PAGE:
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Pure Storage nudges all-flash toward hybrid workloads

Pure Storage all-flash revolves around unified fast file and object storage to consolidate local and cloud-based application data on a single high-performance flash platform.

Pure Storage all-flash arrays received a software refresh on Monday in the vendor's ongoing quest to unify all data on flash.

Pure bolstered the Purity OS software for FlashArray block and FlashBlade to accelerate Windows file-based workloads and improve ransomware protection across block, file and cloud storage. The vendor, based in Mountain View, Calif., also previewed Pure FlashArray//C40 array, which combines quad-level cell NAND and NVMe connectivity intended to consolidate hybrid workloads.

Pure Storage FlashArray is the vendor's block-based flagship. The Pure Storage FlashBlade array supports scale-out file and object protocols. Both arrays use Pure's custom DirectFlash modules in place of standard SSDs. Pure1 is the common management layer for Purity OS. Data can be shared between the block-and-file systems using Pure's snapshot technology.

Unified file and object storage, with speed

Pure Storage has grown from a startup to a publicly traded company with annual revenue topping $1 billion. The company emerged in 2007, just as flash storage was gaining prominence in enterprise data centers. At the time, legacy disk arrays vendors retrofitted their systems to accommodate SSDs or a hybrid mix of SSDs and disk. Pure Storage all-flash arrays are engineered solely for solid-state media.

Pure Storage uses a cacheless architecture to serve data with low latency. Traditional disk-based NAS and object storage systems deliver parallelization by aggregating throughput of multiple node clusters. Latency typically is a secondary consideration in that topology. Modern application workloads are changing customer expectations, with flash storage in demand as enterprises pursue digital transformation initiatives.

Pure said Purity 3.2 for FlashBlade provides unified fast file and object storage based on its scale-out architecture. Typical FlashBlade use cases include SQL backup and picture archive and communications systems used in healthcare. For Windows shops, Pure added an internally developed high-performance SMB client as a complement to the FlashBlade NFS file protocol.

The addition is aimed at organizations that need massively parallel storage for AI inferencing and training, said Amy Fowler, a marketing vice president of Pure Storage FlashBlade products. Fowler said Purity 3.2 positions FlashBlade for use cases that include content delivery networks, energy, financial services and media.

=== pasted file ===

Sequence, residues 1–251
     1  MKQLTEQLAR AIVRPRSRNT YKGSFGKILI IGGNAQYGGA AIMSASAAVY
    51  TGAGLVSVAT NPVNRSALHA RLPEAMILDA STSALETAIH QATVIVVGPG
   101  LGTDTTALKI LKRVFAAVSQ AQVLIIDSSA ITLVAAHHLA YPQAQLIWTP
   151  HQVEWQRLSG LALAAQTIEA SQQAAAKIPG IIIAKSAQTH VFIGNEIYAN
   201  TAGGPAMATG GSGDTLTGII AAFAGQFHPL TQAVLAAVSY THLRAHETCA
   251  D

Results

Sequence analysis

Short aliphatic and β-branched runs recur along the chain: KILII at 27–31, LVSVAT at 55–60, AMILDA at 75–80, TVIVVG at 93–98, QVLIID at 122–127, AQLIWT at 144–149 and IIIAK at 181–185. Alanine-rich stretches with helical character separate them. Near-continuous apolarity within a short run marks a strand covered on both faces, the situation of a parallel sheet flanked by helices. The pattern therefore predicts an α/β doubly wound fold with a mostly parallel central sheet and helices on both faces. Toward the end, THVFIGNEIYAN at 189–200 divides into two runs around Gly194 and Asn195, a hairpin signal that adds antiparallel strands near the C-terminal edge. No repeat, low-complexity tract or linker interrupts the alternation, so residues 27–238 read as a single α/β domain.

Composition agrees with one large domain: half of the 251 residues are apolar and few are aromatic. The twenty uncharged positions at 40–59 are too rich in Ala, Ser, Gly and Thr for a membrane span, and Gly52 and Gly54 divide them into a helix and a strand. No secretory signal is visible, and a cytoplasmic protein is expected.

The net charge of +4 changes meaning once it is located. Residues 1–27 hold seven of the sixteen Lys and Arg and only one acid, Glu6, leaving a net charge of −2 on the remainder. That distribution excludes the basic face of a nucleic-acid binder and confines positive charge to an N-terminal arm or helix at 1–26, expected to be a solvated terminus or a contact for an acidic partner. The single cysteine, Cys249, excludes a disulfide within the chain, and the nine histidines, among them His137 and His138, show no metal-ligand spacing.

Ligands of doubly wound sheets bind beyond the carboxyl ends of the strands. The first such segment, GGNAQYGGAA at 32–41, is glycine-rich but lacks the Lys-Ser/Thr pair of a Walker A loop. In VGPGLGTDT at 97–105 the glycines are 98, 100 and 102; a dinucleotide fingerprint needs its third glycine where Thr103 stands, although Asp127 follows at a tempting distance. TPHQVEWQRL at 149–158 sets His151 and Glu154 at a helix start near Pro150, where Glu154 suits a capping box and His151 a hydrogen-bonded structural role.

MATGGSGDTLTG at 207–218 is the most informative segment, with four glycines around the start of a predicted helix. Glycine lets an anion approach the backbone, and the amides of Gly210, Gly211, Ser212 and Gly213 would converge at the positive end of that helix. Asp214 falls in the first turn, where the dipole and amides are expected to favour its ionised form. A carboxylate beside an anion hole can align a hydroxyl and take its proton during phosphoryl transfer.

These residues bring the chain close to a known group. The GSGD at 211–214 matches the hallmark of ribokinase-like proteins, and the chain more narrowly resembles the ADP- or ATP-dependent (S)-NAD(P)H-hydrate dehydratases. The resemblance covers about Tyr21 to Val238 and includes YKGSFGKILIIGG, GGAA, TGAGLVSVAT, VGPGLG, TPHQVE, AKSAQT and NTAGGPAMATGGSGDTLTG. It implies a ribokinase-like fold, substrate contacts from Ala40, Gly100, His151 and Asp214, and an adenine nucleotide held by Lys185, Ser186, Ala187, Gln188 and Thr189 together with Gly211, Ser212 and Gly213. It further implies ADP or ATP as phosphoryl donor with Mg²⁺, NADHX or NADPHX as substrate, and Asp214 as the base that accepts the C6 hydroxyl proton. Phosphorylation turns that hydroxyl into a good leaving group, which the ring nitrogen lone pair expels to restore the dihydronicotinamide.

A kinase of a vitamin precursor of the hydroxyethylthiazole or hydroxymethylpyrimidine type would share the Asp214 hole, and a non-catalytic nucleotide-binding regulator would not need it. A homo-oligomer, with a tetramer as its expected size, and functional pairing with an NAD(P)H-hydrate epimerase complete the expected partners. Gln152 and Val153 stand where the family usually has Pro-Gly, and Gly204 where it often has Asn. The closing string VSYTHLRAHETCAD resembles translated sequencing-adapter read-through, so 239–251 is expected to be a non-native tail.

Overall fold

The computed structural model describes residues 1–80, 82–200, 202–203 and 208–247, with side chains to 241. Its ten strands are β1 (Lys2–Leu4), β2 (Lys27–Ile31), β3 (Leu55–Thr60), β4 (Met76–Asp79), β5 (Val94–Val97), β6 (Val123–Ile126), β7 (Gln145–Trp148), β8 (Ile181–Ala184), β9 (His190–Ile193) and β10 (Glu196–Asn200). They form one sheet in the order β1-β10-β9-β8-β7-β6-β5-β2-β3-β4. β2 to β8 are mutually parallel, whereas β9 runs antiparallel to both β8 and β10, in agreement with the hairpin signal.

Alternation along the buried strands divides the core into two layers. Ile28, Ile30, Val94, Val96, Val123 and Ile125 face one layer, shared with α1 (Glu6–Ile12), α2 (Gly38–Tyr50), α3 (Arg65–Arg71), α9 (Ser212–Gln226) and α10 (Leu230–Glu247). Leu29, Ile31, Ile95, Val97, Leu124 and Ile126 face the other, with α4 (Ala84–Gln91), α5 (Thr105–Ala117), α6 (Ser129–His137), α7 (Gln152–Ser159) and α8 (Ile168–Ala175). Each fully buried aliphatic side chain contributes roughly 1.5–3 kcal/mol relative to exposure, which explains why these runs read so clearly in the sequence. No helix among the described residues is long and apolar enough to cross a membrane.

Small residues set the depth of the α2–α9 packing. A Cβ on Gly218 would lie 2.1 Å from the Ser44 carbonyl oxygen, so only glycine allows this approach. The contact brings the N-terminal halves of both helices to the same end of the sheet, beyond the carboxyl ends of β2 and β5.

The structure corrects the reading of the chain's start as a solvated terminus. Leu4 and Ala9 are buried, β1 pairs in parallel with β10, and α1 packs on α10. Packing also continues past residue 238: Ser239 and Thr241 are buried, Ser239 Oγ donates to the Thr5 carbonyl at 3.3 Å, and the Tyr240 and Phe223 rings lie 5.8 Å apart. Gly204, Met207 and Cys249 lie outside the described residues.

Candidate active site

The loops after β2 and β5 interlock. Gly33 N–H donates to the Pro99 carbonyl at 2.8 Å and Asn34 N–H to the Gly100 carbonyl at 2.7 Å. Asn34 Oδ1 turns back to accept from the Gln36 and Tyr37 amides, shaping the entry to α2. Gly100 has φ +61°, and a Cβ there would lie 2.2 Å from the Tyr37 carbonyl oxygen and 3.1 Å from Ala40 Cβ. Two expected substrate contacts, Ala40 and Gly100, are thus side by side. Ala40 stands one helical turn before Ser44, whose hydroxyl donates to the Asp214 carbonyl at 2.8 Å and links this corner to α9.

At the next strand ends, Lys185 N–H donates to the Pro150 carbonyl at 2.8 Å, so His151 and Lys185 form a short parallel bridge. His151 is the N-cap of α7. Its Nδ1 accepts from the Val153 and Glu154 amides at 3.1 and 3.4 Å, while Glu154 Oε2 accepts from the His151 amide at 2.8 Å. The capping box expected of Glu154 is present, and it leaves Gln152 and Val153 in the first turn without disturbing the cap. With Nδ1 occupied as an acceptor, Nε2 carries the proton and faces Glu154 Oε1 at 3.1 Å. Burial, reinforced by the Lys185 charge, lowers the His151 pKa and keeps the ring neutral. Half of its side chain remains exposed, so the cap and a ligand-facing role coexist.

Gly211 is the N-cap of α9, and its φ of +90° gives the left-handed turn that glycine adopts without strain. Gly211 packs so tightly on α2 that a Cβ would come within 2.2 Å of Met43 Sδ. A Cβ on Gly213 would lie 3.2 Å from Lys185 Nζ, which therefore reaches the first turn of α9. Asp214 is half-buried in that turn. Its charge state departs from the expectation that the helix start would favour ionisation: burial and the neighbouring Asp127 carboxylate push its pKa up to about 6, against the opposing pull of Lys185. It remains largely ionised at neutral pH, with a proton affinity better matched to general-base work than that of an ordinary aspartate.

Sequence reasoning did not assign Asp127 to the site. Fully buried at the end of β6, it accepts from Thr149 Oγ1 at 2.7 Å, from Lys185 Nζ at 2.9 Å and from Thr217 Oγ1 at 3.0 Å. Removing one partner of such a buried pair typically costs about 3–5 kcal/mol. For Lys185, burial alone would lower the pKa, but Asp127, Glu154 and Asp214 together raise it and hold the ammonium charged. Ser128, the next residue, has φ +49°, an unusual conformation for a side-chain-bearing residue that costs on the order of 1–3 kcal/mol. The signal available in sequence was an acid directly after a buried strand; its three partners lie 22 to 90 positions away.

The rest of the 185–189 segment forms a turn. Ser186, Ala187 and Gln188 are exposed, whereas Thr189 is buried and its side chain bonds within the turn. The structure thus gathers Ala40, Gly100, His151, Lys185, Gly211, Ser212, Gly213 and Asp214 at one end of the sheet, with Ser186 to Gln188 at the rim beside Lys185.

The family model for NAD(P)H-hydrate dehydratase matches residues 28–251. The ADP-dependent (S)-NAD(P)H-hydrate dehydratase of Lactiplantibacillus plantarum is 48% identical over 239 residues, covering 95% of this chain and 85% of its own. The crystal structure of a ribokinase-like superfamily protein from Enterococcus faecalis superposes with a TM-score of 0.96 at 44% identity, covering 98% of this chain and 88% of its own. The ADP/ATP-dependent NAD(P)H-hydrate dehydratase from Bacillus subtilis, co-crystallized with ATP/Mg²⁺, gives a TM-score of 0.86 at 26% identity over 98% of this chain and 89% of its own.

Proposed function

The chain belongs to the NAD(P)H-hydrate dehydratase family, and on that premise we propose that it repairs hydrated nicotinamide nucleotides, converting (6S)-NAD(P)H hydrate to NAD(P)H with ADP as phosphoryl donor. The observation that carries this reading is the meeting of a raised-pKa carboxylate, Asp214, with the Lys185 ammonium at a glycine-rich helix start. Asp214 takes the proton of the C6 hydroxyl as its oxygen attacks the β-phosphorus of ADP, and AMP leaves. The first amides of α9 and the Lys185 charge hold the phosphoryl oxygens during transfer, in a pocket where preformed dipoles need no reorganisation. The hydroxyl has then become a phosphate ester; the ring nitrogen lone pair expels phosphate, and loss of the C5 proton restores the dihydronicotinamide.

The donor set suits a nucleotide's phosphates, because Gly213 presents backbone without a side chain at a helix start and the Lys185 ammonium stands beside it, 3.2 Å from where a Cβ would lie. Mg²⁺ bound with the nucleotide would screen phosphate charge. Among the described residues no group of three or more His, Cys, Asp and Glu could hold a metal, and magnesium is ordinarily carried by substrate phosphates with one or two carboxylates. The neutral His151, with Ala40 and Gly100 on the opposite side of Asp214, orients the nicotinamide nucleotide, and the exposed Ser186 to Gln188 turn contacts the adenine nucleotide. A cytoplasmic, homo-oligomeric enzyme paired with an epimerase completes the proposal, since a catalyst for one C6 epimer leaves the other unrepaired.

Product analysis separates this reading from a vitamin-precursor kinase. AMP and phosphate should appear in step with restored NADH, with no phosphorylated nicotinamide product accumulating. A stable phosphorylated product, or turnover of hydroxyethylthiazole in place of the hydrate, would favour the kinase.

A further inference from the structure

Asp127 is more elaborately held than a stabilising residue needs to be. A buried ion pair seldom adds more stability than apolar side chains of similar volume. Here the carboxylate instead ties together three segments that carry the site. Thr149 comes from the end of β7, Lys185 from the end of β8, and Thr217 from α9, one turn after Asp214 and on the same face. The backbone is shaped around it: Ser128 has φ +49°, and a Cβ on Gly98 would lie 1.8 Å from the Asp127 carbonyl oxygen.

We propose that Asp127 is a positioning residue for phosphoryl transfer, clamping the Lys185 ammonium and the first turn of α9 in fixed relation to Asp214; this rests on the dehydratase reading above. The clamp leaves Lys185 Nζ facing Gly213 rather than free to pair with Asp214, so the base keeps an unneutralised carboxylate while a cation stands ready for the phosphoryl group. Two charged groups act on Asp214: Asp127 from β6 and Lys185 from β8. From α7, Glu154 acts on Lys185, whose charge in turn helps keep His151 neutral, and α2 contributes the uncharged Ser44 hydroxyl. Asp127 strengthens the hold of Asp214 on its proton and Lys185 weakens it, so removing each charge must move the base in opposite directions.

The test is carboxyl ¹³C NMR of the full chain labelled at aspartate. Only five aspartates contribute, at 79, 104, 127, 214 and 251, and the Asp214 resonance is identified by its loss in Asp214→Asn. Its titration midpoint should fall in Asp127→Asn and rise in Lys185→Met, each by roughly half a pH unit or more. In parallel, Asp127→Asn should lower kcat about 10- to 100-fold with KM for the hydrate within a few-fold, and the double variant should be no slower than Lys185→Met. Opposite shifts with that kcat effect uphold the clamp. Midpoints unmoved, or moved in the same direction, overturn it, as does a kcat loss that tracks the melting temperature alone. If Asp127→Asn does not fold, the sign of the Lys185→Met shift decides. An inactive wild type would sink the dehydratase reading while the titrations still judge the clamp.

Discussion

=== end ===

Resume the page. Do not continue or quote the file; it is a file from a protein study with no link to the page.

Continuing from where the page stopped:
Pure Storage arrays incorporateDirectFlashdrive technology in place of SAS and SATA SSDs.
Pure Storage arrays incorporateDirectFlashdrive technology in place of SAS and SATA SSDs.

Startup Vast Data also sells an all-flash storage system to consolidate primary and backup workloads, although Vast does not support Fibre Channel or iSCSI-based block storage protocols. Storage market leader Dell EMC Isilon added an all-flash variant to its NFS-based Isilon file storage and last year wrote Isilon code tuned to run in Google Cloud Platform.

Qumulo recently diversified its scale-out storage to support unstructured data. (Qumulo's founders helped engineer the original Isilon file product.) Although it lacks a parallel file system, NetApp sells all-flash models of its Fabric Attached Storage filer that provides back-end storage to the NetApp Memory Accelerated Data product, designed to accelerate relational databases with a tier of storage class memory.

"Unified file and object storage is about infrastructure density. It's the idea that you can have a single platform that is flash-optimized to serve many next-generation applications," said Eric Burgener, a research vice president of enterprise infrastructure at IDC.

Pure Storage wants analyst firms to start this as a separate category, but Burgener said it's too early for that. "However, it is a viable segment in my mind. You see a lot of Pure's competitors [starting] to introduce all-flash versions of their object and scale-out NAS platform," Burgener said.

Other incremental enhancements in Purity 3.2 include cross-protocol file access, support for sparse files to boost efficiency and intelligent granular analytics.

Avoid paying ransom

With Purity 6.1 for FlashArray, Pure has added continuous data protection and introduced SafeMode immutable snapshots with tunable retention periods, along with continuous data protection. SafeMode ensures an uncorrupted copy remains available to recover rapid restore of critical data.

FlashArray//C line is Pure's all-flash array for consolidating midrange workloads on flash. The forthcoming FlashArray//C40 is an entry system that scales to 494 TB. It will complement the FlashArray//C60, a capacity-optimized array that provides up to 1.8 PB of raw capacity.

Pure said the FlashArray//C40 system will be rolled out later this year, featuring a new controller that runs across the FlashArray product family. Scott Baker, a Pure Storage vice president of FlashArray product marketing, said the design will boost performance by 60% and provide more capacity for onboard snapshots, based on optimized data reduction.

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